Yes so many things. I haven’t lived in NZ for about 15 years (kinda breaks my heart a little when I say it like that) but I still feel so connected to the place and I’m the proudest Kiwi you’ll meet. Apart from friends and family I really miss how life focused everyone is. It’s such a cliche but whenever I’m home I really notice how people work to live instead of live to work. It’s kinda gross but I absolutely love how in NZ you can go to the supermarket in summer, in bare feet and no one gives a shit.
What are some aspects of your work that bring you fulfilment?
I genuinely got into this sort of work because I love the process of designing and making clothes and wanted to be part of that. I’m so much better collaboratively and I think in that way a big studio like the one we have really suits me. Also – research trips. As a legitimate work activity I still can’t quite believe it’s something we get to do (as important as it is to the process). Basically me and a bunch of colleagues (we’re all quite close socially as well as professionally) decamping somewhere interesting for a few days to hunt down some exciting things and throw ideas around. We were in Seoul a couple of months ago and it’s a really lovely time.
Can you share with us about living in Paris, for how long has it been your home and what are some of things that you love about to living there?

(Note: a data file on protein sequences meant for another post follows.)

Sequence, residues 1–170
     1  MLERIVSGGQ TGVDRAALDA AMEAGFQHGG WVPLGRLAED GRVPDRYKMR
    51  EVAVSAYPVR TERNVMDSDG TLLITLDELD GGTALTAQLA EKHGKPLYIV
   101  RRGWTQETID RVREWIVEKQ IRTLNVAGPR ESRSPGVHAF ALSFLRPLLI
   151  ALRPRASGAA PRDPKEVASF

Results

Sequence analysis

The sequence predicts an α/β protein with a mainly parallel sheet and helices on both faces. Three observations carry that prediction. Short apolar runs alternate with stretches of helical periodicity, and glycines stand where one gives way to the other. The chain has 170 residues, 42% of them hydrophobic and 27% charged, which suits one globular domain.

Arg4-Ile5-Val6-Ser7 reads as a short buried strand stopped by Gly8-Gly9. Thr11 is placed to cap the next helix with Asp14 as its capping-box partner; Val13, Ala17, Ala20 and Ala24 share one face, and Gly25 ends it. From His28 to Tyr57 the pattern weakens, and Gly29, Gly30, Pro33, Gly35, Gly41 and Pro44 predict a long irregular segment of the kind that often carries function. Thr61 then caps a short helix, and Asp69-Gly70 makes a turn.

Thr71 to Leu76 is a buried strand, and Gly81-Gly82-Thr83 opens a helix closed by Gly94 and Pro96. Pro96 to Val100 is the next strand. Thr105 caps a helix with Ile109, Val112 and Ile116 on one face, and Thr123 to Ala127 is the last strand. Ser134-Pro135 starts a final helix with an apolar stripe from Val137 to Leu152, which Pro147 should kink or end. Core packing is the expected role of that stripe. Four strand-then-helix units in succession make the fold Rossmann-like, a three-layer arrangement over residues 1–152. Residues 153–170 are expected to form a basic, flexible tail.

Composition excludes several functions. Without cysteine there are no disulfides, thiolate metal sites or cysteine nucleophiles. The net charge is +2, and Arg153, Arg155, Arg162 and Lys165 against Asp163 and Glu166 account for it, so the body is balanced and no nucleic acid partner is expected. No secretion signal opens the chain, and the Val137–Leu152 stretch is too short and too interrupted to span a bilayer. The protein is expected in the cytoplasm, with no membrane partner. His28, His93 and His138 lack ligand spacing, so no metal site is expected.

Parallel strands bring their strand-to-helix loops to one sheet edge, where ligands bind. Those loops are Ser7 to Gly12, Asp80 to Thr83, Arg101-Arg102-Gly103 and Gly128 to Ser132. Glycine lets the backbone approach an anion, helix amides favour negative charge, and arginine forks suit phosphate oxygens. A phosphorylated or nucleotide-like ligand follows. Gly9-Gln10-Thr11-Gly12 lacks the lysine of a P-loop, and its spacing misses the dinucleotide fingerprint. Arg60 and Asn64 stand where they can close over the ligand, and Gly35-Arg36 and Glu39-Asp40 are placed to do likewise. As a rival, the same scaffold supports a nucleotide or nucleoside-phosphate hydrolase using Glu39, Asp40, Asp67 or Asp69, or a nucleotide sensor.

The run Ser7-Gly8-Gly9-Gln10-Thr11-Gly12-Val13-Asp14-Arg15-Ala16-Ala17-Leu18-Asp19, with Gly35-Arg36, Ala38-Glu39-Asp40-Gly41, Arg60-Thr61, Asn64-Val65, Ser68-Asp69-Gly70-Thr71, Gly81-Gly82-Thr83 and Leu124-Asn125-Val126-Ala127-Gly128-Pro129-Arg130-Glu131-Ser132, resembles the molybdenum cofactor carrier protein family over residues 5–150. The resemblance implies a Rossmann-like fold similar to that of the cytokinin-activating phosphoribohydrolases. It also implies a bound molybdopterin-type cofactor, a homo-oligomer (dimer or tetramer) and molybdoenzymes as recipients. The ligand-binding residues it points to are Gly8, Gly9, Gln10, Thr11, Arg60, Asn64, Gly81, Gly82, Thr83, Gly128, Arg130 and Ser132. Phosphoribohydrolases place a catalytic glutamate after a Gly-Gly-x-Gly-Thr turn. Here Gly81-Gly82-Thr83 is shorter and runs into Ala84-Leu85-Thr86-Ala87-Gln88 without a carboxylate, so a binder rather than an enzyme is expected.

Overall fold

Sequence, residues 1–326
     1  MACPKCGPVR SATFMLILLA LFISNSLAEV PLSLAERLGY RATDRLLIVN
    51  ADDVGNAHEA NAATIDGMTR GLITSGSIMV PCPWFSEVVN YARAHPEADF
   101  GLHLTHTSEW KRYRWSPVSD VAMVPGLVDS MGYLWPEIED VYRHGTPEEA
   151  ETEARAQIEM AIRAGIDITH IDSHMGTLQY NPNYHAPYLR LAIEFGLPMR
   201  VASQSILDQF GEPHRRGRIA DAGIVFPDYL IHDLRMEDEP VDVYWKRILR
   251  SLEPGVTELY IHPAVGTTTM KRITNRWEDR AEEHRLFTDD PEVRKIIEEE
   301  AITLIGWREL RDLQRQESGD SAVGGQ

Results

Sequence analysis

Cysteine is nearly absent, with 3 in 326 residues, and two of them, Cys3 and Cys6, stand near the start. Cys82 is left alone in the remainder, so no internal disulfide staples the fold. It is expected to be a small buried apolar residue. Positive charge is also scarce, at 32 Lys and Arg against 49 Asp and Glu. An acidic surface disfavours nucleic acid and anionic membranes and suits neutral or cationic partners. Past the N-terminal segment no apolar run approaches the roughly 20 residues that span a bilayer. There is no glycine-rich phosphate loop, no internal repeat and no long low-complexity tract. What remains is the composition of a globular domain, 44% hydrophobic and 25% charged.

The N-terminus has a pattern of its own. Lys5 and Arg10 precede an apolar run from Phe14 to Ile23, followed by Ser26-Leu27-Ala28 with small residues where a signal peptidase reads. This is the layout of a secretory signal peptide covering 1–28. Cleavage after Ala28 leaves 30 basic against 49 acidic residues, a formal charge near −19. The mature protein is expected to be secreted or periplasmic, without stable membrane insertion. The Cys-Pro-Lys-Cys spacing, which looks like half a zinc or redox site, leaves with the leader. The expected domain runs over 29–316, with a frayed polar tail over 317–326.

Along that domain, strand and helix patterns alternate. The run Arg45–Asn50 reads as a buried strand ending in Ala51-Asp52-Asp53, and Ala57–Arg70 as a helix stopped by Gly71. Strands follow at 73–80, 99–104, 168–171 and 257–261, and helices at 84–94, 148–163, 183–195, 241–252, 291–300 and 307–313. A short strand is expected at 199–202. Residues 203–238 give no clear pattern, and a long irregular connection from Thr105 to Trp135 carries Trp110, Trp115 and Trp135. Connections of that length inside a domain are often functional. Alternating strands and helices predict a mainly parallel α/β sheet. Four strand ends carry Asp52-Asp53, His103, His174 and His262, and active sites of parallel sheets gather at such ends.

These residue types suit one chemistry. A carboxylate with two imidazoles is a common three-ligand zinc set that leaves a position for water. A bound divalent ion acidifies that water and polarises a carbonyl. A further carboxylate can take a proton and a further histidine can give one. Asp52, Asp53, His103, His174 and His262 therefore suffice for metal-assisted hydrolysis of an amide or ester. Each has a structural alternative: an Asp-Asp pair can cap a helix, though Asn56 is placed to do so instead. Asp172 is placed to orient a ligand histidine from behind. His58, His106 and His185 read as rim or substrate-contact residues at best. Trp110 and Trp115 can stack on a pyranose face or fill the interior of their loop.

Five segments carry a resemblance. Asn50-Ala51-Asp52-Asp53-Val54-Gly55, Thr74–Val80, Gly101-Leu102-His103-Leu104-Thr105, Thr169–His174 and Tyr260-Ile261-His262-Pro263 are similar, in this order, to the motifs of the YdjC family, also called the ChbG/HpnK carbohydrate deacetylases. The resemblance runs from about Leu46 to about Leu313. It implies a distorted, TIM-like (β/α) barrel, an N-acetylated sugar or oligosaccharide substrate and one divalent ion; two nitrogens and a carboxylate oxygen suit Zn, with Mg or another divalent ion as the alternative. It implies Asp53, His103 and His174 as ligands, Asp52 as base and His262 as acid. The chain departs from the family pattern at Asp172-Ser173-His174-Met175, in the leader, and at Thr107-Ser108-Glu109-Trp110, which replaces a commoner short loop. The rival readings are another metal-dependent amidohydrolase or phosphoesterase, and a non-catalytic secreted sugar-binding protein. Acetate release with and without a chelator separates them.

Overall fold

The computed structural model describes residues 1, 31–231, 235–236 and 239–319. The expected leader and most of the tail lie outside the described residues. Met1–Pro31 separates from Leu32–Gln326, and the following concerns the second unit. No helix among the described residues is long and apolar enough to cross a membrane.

I’ve been here 5 and a half years and recently bought an apartment so it’s becoming quite solid. I won’t lie – there are things that frustrate me, and that’s mostly in how people relate to each other on a day to day basis. It’s not even about right or wrong, just so far from what I grew up with. The French aren’t exactly what I would call relaxed or super warm, but in saying that once you scratch the surface people here are incredibly loyal. There’s an authenticity to things here – friendships, food, holidays, that is much stronger than I find in places like NYC or London. I also love how the pace of things here is quite laid back – the city is super easy to navigate, and it often feels like one big sleepy (and incredibly beautiful) village.
There’s an authenticity to things here – friendships, food, holidays, that is much stronger than I find in places like NYC or London. I also love how the pace of things here is quite laid back – the city is super easy to navigate, and it often feels like one big sleepy (and incredibly beautiful) village.